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Federal Perspective on the Biosimilar Influence on Drug Costs


Providing an overview on where the healthcare reform debate is headed, Andrew Slavitt, former head of CMS, refined the discussion to highlight the potential for biosimilars to influence the rising costs of drug products.

A much-awaited talk at the 2017 AAM Biosimilars Council Conference, held in Washington DC, was by Andrew Slavitt, senior advisor, Bipartisan Policy Center and former acting administrator, CMS. Providing an overview on where the healthcare reform debate is headed, Slavitt refined the discussion to focus on drug cost and indicated the potential for biosimilars to influence the rising costs of drug products.

Acknowledging the 2 press conferences that were being held by senators on the same day, where the lawmakers were to unveil new healthcare reform proposals, Slavitt predicted, “To my mind, every 10 years or so, we are due for another healthcare debate in this country. If you go back as far as Medicare and Medicaid, Medicare Advantage, Medicare Part D, Obamacare, and then of course the current battle…this could be another battle of sorts in 10 years.”

Slavitt went on to take stock of what the Affordable Care Act (ACA) accomplished, including reducing the uninsured rate, investing in healthcare cost and quality of care, and ensuring healthcare insurance for all American citizens, independent of their health or financial status. He acknowledged that the ACA did not get it all right in terms of fixing problems, including affordability of healthcare, which encompasses the absence of competition in the insurance marketplace in several states.

Slavitt said that every American should have access to affordable care, preventing healthcare-associated bankruptcy. Ensuring this can be sustained and achieved by 2020, the current focus should be:

  • Bipartisan legislation with complete support from 60-70% of the American public. This requires a discussion of the kitchen-table issues, he said, and an understanding of the tradeoffs faced by American families.
  • Implementing some of these ideas in the states over the next few years
  • Addressing cost and affordability of healthcare
  • Unlocking the innovation potential in the country in the right way

The healthcare challenge in our country, Slavitt explained, “is not the 50-year old jogger with mobile monitoring devices. The challenge is the woman who lives 2 bus stops away from a dialysis center and who may be in renal failure if she misses one of the connections.” Social determinants of health, which are outside of healthcare control, need to be addressed, he said, adding that we need to move innovation away from gadgets like Fitbit and refocus on some of these social issues.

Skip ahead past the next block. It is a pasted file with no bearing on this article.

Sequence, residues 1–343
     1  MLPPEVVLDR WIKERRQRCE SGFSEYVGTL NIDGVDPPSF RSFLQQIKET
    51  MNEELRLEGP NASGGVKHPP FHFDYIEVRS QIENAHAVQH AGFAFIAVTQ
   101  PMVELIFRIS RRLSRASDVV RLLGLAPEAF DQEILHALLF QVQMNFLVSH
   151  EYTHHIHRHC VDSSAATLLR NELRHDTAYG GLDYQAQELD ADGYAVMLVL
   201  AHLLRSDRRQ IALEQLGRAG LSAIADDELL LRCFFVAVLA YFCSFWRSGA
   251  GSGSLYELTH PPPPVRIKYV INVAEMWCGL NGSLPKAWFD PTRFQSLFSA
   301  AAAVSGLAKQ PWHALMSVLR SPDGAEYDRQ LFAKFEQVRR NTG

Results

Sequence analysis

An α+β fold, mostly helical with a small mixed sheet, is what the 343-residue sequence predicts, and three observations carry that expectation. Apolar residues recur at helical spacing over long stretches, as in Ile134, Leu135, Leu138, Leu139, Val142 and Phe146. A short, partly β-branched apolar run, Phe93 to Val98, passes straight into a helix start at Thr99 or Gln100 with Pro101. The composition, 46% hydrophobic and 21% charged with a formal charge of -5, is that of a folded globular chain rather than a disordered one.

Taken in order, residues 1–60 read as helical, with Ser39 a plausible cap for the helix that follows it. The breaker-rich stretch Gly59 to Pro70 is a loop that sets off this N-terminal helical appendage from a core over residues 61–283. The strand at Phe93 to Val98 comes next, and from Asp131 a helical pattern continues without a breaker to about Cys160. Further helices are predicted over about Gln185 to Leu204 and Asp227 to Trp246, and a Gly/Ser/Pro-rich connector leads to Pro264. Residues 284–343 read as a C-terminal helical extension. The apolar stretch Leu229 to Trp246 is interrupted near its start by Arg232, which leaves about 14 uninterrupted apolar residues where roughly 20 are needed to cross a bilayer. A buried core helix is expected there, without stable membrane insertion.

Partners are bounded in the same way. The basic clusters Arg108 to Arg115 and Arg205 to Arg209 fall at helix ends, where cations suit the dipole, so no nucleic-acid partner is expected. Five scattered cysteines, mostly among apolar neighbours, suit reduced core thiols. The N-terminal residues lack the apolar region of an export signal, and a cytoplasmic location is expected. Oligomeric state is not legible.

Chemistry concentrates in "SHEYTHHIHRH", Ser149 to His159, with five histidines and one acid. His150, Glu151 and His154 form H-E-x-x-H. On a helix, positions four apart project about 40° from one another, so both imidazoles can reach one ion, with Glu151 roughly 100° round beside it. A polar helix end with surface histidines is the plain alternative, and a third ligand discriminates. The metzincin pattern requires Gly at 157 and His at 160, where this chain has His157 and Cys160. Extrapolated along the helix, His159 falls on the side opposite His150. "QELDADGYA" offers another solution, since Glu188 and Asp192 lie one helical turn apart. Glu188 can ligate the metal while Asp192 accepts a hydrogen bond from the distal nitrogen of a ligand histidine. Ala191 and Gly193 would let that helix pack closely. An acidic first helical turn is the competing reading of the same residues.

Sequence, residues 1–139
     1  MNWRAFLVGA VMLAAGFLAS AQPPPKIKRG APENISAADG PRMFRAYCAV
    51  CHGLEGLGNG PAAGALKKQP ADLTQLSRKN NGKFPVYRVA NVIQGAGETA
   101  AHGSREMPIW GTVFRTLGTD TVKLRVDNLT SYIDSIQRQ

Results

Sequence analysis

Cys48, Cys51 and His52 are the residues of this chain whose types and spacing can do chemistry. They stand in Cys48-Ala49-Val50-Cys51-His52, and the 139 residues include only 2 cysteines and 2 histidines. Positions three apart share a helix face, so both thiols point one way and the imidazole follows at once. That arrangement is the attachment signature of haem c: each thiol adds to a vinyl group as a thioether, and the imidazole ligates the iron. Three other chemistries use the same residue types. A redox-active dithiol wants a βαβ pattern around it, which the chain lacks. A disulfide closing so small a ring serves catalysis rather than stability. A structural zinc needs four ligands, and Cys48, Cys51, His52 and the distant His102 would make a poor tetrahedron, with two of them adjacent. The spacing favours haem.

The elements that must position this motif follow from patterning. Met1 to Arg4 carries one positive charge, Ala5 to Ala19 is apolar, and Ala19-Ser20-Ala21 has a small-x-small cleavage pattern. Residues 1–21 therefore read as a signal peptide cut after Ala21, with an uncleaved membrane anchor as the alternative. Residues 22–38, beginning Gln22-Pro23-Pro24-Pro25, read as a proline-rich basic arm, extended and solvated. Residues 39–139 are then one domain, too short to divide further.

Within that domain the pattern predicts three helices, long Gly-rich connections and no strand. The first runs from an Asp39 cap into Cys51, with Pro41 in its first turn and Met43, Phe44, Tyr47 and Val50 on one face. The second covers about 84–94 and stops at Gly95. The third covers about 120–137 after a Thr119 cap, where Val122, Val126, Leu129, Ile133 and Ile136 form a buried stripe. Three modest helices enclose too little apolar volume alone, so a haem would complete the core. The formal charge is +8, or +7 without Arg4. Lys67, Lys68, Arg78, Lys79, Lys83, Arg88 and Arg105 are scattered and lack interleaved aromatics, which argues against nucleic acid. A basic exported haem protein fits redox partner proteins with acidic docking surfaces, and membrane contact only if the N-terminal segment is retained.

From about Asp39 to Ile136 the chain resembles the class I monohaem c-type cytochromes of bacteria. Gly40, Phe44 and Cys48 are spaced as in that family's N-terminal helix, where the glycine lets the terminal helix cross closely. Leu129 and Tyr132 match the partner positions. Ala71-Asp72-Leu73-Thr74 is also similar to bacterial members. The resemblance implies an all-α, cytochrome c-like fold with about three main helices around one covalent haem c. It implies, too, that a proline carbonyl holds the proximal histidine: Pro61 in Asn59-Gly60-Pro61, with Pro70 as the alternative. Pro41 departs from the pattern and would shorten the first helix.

Moving the discussion toward drug costs, he said that this problem is not forthcoming; it’s a problem we face today. “We cannot talk about affordability of healthcare in exchanges without getting into the underlying root cause.” Narrating his experiences of heading CMS, he said that, when he would talk to heads of healthcare systems or the pharmaceutical industry about keeping down or regulating the cost of care, the feedback would be:

  • Don’t look at me, look at them (plans, pharmacy benefit managers)
  • Don’t worry about the price, nobody pays it all anyway: lack of transparency is a problem
  • You have to spend money to make money: but this can be balanced off with real-world evidence and assigning “value” to the outcome with a specific treatment
  • Innovation costs money, but is price the tradeoff to make when choosing between innovation and improvements? If other industries continue to provide innovation at lower costs, why not healthcare?

“This is where biosimilars come in,” Slavitt said. He made note of changes being made by FDA Commissioner Scott Gottlieb, MD, to improve competition in the marketplace.

He reiterated his faith in competition, innovation, value-based ideas, and the ability for CMS to negotiate drug prices. Going back to the single-payer proposition, which is being presented by Senator Bernie Sanders (I-Vermont), he said there are provisions in his bill and opportunities that are relative to generic drugs and biosimilars.

He closed by saying that the affordability questions will be ever-present, and that biosimilars and generic drugs may have a significant role to play in being part of the solution. “Being there and part of the solution while key legislations are being drafted or as people are focused on policy issues is a great place to be.”

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